Primary care clinics integrate a full-time behavioral health team and part-time consulting psychiatrist into the practice, enhancing access to behavioral health services, helping patients become more engaged in their own care, and increasing primary care clinician involvement in addressing patients' behavioral health issues.
Funded by and receiving referrals from the various public systems serving at-risk youth, Wraparound Milwaukee pays for and supports the provision of coordinated mental health and support services to children and adolescents with serious emotional and mental health needs, leading to less institutionalization and recidivism, lower costs, increased school attendance, better functioning at home and in school, and high satisfaction.
The State of Maryland provides financial and technical support to five communities designated through a competitive bidding process as health enterprise zones, leading to an expansion of primary care capacity in these areas.
The Missouri Medicaid Health Home program provides capitated payments to primary care and mental health medical homes that adopt an integrated staffing model that allows patients to receive both medical and mental health care, leading to better health outcomes and lower utilization and costs.
The Georgia Medicaid program expanded the definition of reimbursable services provided by mental health peer specialists to include physical health and wellness services, resulting in the training and certification of 175 such specialists to provide these services and in anecdotal reports of improved physical health outcomes among clients who receive the services.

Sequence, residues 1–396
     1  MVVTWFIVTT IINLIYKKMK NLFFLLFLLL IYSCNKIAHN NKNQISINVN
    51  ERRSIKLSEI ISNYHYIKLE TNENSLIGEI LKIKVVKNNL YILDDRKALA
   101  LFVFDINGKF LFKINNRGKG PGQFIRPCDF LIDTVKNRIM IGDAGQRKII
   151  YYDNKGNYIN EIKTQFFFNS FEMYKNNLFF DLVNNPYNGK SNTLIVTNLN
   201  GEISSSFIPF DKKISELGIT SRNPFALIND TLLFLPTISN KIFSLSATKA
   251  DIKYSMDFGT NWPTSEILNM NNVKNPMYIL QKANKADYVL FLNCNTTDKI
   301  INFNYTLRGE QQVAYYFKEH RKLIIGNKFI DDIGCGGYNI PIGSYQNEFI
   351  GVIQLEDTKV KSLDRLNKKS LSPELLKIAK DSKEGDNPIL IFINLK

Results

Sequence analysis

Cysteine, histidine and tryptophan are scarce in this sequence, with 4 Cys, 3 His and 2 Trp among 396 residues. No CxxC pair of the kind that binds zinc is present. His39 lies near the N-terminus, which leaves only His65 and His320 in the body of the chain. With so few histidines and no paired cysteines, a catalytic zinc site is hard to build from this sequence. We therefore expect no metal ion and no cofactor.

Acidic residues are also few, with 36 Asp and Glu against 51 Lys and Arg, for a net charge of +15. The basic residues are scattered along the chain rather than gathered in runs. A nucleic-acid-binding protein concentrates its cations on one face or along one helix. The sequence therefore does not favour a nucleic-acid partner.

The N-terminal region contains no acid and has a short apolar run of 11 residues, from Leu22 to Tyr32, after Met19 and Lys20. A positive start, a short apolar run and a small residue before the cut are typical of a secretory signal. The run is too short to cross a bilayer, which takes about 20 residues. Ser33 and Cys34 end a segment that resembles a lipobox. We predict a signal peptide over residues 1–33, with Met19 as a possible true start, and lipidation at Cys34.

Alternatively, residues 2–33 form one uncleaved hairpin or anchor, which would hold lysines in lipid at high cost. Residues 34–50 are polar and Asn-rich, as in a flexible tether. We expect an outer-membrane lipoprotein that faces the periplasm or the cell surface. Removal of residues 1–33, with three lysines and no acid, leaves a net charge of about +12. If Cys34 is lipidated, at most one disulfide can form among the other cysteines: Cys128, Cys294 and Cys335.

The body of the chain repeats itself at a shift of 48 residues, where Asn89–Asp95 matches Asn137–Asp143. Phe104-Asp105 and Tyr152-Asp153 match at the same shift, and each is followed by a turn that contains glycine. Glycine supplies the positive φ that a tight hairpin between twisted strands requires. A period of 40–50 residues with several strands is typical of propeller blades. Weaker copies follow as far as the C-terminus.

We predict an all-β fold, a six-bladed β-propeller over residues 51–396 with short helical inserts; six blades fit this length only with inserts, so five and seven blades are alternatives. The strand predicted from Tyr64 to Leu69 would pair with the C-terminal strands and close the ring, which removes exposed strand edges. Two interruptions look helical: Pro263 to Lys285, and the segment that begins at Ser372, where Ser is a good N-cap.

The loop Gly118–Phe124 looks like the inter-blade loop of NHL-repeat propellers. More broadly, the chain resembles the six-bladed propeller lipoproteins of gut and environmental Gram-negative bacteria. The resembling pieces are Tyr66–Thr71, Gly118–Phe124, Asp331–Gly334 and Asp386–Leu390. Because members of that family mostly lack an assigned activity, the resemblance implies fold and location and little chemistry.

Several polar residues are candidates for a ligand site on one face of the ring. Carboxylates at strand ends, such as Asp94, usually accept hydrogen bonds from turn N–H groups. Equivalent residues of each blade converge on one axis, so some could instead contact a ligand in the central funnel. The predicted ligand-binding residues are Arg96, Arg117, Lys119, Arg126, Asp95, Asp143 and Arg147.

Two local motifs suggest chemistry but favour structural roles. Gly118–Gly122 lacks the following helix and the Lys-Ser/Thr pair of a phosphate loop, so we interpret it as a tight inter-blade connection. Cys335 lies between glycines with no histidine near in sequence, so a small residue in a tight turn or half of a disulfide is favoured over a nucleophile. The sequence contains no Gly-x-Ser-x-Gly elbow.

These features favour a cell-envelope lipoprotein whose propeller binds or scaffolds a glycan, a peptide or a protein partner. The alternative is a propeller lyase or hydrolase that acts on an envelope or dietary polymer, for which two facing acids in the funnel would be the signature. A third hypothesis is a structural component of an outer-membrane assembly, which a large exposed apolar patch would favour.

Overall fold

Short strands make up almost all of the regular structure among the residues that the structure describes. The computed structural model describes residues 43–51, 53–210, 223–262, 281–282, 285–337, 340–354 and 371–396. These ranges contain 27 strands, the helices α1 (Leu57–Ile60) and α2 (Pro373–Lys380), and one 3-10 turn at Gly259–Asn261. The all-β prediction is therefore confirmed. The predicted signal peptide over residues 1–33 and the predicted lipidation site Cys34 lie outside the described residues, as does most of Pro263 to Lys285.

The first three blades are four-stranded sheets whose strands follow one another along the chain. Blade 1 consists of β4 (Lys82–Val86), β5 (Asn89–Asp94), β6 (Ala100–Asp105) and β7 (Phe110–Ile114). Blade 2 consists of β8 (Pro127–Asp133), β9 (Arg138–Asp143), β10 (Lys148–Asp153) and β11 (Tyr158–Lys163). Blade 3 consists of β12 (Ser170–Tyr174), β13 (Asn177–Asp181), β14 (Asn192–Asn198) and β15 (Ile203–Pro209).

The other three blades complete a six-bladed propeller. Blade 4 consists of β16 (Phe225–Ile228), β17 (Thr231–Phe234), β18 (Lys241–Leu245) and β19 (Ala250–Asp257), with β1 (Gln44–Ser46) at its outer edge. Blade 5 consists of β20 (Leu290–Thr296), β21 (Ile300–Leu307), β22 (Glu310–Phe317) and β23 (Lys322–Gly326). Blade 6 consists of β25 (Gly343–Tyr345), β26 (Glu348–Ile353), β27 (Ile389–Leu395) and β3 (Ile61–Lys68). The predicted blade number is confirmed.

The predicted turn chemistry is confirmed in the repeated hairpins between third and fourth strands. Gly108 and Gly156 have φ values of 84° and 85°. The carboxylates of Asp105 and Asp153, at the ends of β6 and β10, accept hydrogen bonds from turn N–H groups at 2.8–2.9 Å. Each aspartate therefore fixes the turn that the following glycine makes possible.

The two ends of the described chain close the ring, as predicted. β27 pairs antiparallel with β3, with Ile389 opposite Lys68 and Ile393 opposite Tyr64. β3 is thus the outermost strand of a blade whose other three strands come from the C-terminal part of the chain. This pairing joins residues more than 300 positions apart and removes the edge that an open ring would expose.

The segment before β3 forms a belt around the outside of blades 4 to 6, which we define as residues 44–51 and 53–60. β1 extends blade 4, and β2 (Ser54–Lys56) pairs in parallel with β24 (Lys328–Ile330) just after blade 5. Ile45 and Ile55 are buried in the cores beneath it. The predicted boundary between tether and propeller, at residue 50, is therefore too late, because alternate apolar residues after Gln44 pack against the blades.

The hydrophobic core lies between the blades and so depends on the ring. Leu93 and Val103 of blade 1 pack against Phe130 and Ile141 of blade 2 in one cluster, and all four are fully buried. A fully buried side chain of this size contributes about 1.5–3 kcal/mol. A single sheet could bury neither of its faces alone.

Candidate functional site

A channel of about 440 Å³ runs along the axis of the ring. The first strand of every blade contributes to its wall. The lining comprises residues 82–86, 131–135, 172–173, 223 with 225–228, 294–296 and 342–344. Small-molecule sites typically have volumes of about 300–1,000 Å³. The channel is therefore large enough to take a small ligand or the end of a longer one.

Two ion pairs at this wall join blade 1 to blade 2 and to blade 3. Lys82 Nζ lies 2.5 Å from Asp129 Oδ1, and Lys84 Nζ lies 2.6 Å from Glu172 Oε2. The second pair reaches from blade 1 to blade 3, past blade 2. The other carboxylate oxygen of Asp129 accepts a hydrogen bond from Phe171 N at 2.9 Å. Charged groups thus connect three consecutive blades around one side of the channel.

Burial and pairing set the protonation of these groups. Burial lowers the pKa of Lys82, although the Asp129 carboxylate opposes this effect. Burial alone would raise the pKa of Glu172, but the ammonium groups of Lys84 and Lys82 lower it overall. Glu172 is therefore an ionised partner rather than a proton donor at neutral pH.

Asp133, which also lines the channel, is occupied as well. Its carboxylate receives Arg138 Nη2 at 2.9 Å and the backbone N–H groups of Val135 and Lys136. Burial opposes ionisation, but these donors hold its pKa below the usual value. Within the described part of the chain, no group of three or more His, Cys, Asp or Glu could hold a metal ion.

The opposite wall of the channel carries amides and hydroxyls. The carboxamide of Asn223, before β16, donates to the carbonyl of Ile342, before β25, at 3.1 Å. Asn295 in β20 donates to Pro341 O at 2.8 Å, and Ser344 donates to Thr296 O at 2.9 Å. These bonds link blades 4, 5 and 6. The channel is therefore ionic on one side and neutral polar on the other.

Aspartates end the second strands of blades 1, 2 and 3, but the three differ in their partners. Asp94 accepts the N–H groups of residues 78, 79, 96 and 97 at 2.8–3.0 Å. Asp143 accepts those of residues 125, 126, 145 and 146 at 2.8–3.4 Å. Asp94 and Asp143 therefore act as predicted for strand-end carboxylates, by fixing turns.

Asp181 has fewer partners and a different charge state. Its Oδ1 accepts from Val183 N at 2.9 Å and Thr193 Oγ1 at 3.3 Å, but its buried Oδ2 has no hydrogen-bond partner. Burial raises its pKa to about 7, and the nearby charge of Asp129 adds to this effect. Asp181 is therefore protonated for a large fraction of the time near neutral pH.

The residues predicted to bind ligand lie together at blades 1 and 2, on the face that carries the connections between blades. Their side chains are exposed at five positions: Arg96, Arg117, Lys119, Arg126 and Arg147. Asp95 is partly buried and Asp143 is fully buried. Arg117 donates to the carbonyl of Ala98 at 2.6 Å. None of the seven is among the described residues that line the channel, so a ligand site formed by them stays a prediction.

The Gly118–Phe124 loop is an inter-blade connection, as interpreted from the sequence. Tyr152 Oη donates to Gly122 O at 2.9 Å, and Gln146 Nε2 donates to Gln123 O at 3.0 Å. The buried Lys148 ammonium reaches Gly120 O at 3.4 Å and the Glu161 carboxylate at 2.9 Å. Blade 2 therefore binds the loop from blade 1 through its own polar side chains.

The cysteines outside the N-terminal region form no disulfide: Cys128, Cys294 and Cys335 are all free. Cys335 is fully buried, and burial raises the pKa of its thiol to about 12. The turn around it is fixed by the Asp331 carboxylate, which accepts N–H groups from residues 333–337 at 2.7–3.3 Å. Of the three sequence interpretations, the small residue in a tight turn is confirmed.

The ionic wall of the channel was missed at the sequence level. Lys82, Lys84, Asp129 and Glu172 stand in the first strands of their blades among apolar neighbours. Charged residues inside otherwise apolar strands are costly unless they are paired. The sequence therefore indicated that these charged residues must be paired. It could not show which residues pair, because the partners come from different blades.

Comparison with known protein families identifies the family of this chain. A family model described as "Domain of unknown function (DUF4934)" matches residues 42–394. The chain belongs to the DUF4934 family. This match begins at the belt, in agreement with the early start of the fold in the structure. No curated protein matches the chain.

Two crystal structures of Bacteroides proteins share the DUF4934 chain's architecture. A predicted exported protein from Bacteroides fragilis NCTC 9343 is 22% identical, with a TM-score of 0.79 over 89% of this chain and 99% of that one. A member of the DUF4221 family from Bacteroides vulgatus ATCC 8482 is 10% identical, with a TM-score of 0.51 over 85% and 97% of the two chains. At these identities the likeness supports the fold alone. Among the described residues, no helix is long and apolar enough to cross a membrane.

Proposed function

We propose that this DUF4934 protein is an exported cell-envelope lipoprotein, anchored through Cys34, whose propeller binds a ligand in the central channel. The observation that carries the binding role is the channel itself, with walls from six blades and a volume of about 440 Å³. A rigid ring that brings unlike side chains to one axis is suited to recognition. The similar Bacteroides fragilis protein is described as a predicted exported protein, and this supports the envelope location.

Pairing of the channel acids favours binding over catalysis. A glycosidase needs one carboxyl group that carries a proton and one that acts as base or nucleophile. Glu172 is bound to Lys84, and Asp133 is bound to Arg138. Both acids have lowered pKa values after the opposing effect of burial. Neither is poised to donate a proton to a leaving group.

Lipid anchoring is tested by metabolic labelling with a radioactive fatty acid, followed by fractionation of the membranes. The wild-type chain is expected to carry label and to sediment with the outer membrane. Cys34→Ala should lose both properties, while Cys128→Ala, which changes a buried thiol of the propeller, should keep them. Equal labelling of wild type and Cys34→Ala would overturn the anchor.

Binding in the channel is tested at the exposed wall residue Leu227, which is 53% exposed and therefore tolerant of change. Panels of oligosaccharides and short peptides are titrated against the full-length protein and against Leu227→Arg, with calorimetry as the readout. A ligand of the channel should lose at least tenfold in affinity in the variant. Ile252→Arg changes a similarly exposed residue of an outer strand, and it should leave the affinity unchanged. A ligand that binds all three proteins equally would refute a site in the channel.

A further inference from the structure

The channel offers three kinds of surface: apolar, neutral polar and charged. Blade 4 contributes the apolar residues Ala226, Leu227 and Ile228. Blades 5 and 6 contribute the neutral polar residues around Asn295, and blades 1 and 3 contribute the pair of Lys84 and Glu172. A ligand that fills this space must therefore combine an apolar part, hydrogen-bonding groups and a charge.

An emergency medical services system uses a data-driven program to identify frequent 911 callers and facilitate access to community-based medical, social service, and other interventions to address their underlying needs, leading to significant reductions in emergency transports and associated costs.
With support from State funding, a community mental health center provides integrated mental health, primary care, care coordination, and wellness services to Medicaid beneficiaries with severe and persistent mental illness, leading to better chronic disease outcomes.
Certified peer specialists provide emotional support, education, links to community services, and other support to individuals with co-occurring medical and mental health diagnoses at two Michigan federally qualified health centers, generating high levels of satisfaction and anecdotal reports of improvements in physical and mental health.
Through a statewide telemedicine program, psychiatrists evaluate patients with mental health issues who present at rural hospital emergency departments, leading to reductions in wait times, inpatient admissions, and costs; increased attendance at followup visits; and high levels of patient and clinician satisfaction.
Psychiatric fellows and residents at the University of Virginia Health System in Charlottesville provide care via videoconferencing to patients in rural parts of the state who otherwise would likely not have had access to such care.